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Trip Report: Century Count XXIV - May 18

Prairie WarblerBy all accounts, it was the best of all spring days in Vermont. The internet birding world was buzzing with reports of warblers and other migrants on Saturday night.

Eleven birders gathered at 6 a.m. in West Rutland, the weather chilly and clear, ready for the day’s offerings.

After a brief stop on Sheldon Avenue, near the marsh, we headed to the Pleasant Street power line. As we exited our cars, we could hear the rising song of the prairie warbler followed by the descending song of the field sparrow. Eastern towhees called and sang while the song of the wood thrush floated from the woods. A bay-breasted warbler was spotted in the flowering apple trees. We had good looks at both a blue-winged warbler, the more dominant of the winged warblers at this location, and a prairie warbler as it belted out its song.

Then on to West Rutland Marsh. One of the late-to-arrive this season flycatchers, an alder, was heard along Marble Street. A northern parula was also heard along this stretch. At the end of the boardwalk a sora called and a Virginia rail as well. We also heard a black-billed cuckoo along Marble Street. On Water Street two tree swallows were busy propagating the species.

Several warbler species were singing along Whipple Hollow Road including blackburnian, northern waterthrush and black-throated blue warblers, but the usual Canada warbler was a no-show. We all had good looks at a Swainson’s thrush.

Our first raptor of the day, an American kestrel was spotted along Route 4.

Of the 23 warbler species seen throughout the day, the Route 4 rest area/Blueberry Hill WMA, produced the greatest number including Cape May, magnolia, Tennessee warblers and another northern parula and three more bay-breasted warblers. A brilliant scarlet tanager was seen as well as a glow-in-the dark Baltimore oriole with its less flamboyant mate nearby.

birding is hard workAs the lunch time approached, we headed to Crystal Beach on Lake Bomoseen for a quick picnic. Bonaparte’s gulls had been spotted several times in April and May and two lingered for us to include on our Century Count. We also added solitary sandpiper and double-creasted cormorant at this spot.

Stops at Loves Marsh and the north end of Lake Bomoseen yielded wood ducks, a pair of ring-necked ducks, a pine warbler and a yellow-throated vireo.

We then swung around the north end of Lake Bomoseen and down Black Pond and Moscow roads. We had excellent looks at a pine warbler and finally spotted our first hummingbirds of the day.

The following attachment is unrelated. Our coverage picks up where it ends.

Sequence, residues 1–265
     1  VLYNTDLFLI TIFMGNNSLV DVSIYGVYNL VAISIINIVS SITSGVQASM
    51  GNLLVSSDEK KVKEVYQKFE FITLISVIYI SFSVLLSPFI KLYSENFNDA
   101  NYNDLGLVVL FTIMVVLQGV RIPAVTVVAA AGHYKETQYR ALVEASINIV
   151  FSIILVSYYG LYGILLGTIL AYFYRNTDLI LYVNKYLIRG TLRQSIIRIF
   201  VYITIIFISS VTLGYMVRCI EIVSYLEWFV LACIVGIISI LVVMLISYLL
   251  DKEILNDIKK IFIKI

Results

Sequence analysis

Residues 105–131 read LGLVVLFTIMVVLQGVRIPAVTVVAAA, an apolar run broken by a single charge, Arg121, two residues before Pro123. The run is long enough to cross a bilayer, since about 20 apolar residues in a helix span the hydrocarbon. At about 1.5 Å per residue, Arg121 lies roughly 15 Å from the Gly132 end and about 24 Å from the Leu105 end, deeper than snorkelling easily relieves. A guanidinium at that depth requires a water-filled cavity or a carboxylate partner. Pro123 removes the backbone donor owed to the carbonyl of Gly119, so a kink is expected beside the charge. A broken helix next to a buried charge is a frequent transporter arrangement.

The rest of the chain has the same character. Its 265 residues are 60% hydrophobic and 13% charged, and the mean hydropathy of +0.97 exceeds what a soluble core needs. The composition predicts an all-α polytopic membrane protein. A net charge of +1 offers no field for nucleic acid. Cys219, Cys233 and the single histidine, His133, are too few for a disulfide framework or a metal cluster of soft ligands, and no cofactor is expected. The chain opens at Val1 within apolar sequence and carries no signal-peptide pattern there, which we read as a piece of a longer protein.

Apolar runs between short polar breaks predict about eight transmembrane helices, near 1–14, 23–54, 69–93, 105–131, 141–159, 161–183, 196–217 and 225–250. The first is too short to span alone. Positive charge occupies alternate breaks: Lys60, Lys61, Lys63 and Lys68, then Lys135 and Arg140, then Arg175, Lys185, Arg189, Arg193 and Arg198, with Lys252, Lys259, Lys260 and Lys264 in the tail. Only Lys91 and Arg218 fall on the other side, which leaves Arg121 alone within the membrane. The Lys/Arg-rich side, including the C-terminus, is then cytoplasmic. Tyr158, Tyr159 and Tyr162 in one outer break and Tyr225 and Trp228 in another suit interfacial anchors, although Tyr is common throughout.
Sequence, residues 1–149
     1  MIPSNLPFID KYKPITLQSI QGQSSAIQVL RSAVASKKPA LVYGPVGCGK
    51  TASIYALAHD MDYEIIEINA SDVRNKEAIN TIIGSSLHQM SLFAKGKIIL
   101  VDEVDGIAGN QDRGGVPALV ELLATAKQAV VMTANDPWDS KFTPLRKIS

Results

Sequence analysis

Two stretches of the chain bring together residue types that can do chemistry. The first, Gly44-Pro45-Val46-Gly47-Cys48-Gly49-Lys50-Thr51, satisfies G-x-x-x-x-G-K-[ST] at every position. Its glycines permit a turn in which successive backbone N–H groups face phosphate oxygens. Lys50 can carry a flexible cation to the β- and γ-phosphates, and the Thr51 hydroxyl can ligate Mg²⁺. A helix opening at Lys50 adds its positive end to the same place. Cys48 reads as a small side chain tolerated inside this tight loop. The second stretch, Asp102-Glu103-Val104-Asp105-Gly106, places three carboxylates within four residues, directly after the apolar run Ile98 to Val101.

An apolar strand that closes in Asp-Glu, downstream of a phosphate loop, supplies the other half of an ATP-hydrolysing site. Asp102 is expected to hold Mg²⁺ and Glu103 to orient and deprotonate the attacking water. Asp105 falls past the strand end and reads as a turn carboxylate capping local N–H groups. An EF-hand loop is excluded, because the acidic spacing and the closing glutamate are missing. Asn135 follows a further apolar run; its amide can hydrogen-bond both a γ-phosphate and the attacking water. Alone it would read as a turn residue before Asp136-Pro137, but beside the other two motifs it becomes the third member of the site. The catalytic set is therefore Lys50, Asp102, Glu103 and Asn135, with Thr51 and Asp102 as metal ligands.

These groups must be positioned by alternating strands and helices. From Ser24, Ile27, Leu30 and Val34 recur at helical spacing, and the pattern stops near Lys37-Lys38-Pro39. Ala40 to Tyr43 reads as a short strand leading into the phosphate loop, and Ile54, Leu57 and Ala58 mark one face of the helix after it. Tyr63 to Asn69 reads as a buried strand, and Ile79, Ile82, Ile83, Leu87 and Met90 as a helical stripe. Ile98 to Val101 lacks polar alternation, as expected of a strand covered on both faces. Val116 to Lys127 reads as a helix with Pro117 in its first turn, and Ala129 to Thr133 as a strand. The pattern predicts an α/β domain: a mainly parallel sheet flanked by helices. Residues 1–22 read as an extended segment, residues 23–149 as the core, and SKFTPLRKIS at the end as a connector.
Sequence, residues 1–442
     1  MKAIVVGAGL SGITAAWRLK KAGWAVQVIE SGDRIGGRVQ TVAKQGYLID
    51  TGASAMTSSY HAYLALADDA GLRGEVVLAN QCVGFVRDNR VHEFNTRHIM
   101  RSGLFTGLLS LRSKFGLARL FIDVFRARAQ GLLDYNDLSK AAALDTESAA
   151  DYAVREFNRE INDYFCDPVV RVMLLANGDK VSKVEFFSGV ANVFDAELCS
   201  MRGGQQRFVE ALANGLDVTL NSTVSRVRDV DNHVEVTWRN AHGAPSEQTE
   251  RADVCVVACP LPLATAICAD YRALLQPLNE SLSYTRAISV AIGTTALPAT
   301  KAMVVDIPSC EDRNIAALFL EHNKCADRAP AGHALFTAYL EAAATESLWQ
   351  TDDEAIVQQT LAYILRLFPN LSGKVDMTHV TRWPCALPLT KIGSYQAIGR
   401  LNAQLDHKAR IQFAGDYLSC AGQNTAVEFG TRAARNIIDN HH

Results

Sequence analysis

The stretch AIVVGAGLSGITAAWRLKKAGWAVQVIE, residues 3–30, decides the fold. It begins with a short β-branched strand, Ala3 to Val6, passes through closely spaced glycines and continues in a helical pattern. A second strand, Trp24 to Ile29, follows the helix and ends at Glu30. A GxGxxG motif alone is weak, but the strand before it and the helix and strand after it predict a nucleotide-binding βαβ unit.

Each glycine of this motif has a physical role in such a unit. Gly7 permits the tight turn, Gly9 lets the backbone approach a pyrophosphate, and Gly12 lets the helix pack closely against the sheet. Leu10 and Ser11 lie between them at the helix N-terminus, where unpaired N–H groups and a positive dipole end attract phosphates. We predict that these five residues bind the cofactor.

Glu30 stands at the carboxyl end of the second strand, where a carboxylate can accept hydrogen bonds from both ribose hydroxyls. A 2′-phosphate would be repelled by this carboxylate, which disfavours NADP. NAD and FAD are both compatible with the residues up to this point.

A loon was seen at Glen Lake along with an osprey with fish ‘in hand’ and two Canada geese with young. An occupied osprey nest was spotted down the road.

Pine WarblerThe stop at Bomoseen State Park was worthwhile as we picked up a Canada warbler, had good looks at a magnolia warbler and saw one of the few raptors of the day, a broad-winged hawk. We also enjoyed looking at two northern watersnakes near the wetland boardwalk at the park.

There was quite a bit of warbler action at the upper lot of the Kehoe Fishing Access aka the Green Dump. We could hear a Louisiana waterthrush singing and a Tennessee warbler while we saw both a black-and-white warbler and northern parula. One of the most stunning sights of the day was the sun shining on a male Cape May warbler. We also saw two somewhat out of place field sparrows at this spot.

The next stop was the Fair Haven airport where we heard and saw several bobolinks.

The day ended in West Haven. We saw a pair of American kestrels on a wire along with an eastern meadowlark. A golden-winged warbler, true to form, although silent, was seen at its usual spot on Ghost Hollow Road. On Cogman Road we picked up some of the day’s misses – indigo bunting, killdeer and bald eagle. And the very last bird of the day was a handsome male orchard oriole, a perfect end to a perfect day of birding in Rutland County. The total for the day was 106 species!

The list:

Canada Goose
Wood Duck
Ring-necked Duck
Wild Turkey 
Rock Pigeon
Mourning Dove
Belted Kingfisher
Black-billed Cuckoo
Chimney Swift
Ruby-throated Hummingbird
Virginia Rail
American Woodcock
Spotted Sandpiper
Solitary Sandpiper
Bonaparte's Gull
Ring-billed Gull
Herring Gull
Common Loon
Double-crested Cormorant
American Bittern
Great Blue Heron
Turkey Vulture
Bald Eagle
Broad-winged Hawk
Belted Kingfisher
Yellow-bellied Sapsucker
Red-bellied Woodpecker
Downy Woodpcker
Hairy Woodpecker
Northern Flicker
American Kestrel
Peregrine Falcon
Alder Flycatcher
Least Flycatcher
Eastern Phoebe
Eastern Kingbird
Yellow-throated Vireo
Warbler Vireo 
Red-eyed Vireo
Blue Jay
American Crow
Common Raven
Northern Rough-winged Swallow
Tree Swallow
Barn Swallow 
Cliff Swallow
Black-capped Chickadee
Tufted Titmouse
Red-breasted Nuthatch
White-breasted Nuthatch
House Wren
Marsh Wren
Eastern Bluebird
Swainson's Thrush
Hermit Thrush
Wood Thrush
American Robin
Gray Catbird
European Starling
Purple Finch
American Goldfinch
Chipping Sparrow
Field Sparrow
White-throated Sparrow
Song Sparrow
Swamp Sparrow
Eastern Towhee
Eastern Meadowlark
Orchard Oriole
Baltimore Oriole
Red-winged Blackbird
Brown-headed Cowbird
Common Grackle
Louisiana Waterthrush
Northern Waterthrush
Golden-winged Warbler
Blue-winged Warbler
Black-and-white Warbler
Tennessee Warbler
Nashville Warbler
Common Yellowthroat
American Redstart
Cape May Warbler
Northern Parula
Magnolia Warbler
Bay-breasted Warbler
Blackburnian Warbler
Yellow Warbler
Chestnut-sided Warbler
Black-throated Blue Warbler
Pine Warbler
Yellow-rumped Warbler
Prairie Warbler
Black-throated Green Warbler
Canada Warbler
Scarlet Tanager
Northern Cardinal
Rose-breasted Grosbeak
Indigo Bunting
House Sparrow

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